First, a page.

Archive for February, 2009
The concrete panels making up the shell of the Hilton hotel near Dupont Circle mesh nicely with the unique overall plan of the building. In footprint the building is quite nimble, leaving a large protion of the site for a landscaped entrance and an outdoor pool area that is privatly tucked into a busy part of the city.
Located at the intersection of 11th Street and W Street NW, this fine modern house was designed by Washington DC architecture firm Division1. http://www.division1architects.com/
On the same block and worth a look is another Division1 building called The Lacey, housing luxury condos:
Just having opened in the summer of 2008, the embassy of China is a bold statement by the emerging superpower on the global stage. It was designed by two sons of the famous Chinese-American architect I.M. Pei and his influence can be seen in the geometrical similarity to his National Gallery on the Mall. The 250,000 square foot building is one of the biggest foreign embassies in Washington, taking up almost an entire block just off Connecticut Avenue. The Chinese government stirred some controversy when they imported hundreds of their own workers to construct the building, rather than employ local labor. Security concerns were noted, but American labor leaders point out that hundreds of Chinese workers were employed by the construction of the sprawling $464 million US embassy in Beijing.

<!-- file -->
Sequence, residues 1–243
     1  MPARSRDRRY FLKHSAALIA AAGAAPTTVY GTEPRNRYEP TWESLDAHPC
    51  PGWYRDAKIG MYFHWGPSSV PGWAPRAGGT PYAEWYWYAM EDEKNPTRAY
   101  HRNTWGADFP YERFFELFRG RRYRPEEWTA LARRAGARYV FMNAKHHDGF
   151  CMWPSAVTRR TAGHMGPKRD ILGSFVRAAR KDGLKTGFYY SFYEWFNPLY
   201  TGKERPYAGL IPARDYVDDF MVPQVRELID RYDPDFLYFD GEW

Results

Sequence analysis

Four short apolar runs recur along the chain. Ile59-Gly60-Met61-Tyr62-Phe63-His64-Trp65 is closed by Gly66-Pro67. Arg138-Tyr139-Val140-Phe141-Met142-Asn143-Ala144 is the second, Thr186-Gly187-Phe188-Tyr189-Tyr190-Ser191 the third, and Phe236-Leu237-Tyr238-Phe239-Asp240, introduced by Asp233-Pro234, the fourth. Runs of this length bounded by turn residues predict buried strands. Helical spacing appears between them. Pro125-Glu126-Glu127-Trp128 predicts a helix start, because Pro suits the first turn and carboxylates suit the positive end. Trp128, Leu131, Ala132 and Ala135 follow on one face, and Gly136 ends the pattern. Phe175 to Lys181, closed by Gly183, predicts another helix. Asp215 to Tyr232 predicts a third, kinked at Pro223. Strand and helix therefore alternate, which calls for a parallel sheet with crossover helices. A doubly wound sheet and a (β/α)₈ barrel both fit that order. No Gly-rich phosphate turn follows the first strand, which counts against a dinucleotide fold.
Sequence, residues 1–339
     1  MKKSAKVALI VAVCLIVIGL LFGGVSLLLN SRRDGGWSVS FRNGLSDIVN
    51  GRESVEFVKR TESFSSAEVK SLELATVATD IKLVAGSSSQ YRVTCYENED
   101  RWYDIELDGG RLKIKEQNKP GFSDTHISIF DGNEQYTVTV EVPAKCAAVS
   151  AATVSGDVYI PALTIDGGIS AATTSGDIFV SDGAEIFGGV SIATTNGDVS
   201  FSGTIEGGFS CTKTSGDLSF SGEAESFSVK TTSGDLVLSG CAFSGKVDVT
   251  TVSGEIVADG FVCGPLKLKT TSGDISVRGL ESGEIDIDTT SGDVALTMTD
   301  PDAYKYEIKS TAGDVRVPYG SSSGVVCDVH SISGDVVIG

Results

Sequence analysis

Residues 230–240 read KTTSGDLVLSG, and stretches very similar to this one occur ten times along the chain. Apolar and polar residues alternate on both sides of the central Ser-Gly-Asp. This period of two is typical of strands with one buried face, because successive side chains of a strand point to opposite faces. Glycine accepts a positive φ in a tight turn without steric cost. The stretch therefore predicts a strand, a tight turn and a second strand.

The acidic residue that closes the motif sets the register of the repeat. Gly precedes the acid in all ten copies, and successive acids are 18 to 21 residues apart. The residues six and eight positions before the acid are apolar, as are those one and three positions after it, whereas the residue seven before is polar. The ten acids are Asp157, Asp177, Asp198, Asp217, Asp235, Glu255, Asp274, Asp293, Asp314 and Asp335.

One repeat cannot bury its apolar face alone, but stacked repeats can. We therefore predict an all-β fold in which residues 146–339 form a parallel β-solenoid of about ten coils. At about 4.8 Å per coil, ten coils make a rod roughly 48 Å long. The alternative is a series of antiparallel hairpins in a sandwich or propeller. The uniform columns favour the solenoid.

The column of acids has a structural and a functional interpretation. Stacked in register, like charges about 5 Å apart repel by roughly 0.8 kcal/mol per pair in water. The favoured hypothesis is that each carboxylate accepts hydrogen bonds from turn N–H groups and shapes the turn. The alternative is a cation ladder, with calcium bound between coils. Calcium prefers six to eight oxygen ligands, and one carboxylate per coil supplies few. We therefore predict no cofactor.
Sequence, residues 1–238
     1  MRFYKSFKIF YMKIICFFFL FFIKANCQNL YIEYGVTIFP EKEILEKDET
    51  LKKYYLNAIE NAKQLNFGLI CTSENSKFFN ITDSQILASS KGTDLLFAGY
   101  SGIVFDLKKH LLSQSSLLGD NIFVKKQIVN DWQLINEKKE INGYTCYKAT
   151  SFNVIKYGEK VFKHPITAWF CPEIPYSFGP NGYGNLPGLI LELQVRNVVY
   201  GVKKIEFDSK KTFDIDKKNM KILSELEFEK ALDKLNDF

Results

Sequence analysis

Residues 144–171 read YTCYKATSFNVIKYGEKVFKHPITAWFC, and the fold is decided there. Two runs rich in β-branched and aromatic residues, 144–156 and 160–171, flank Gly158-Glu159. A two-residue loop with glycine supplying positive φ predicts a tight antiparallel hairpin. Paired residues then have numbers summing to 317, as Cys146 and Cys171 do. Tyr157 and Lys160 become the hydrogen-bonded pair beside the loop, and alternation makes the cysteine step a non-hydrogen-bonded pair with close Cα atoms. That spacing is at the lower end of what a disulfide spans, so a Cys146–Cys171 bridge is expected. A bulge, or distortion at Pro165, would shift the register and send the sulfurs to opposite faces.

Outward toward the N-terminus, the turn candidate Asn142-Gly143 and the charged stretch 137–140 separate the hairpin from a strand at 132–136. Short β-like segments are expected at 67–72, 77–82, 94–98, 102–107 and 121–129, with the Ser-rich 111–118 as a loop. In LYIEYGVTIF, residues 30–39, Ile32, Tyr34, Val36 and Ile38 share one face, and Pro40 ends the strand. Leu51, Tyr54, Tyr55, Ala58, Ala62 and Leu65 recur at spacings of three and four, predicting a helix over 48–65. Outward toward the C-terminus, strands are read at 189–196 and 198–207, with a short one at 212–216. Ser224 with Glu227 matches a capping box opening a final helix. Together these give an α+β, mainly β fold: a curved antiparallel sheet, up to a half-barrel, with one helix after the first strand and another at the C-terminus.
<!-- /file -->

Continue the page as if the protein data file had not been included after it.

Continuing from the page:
Right now at the Corocoran Gallery of Art there is a much hyped exhibition of Richard Avedon’s work entitled Portraits of Power. The show spans the prolific photographer’s career as he photographs elite government, media and labor officials, counter-cultural activists, writers and artists, as well as ordinary citizens caught up in national debates. The show itself is worth seeing, but I was particularly interested in a corresponding instalation in the main entrance hall called The Corcoran Portrait Project. This interactive, user-generated art project makes available a professionaly-lit photo booth equipped with a high resolution camera. Members of the public step up to the camera and click the shutter, and then look up at a large screen in the center of the room to see their self portrait inserted into a running slideshow of the hundreds of other images already taken so far. The cumulative effect is quite captivating. The lighting and reproduction of the images is of a high quality, and almost every protrait is captivating in a way that suprises one to learn that they were not taken by a professional photographer. It makes one wonder “who is the artist?” There is an individual or small group who is responsible for setting up the technology, but without the participation of the public, there is no art being created. It could be said that each individual is performing a creative action when they click the button and record their face, but they are also clearly not responcible for the art project as a whole.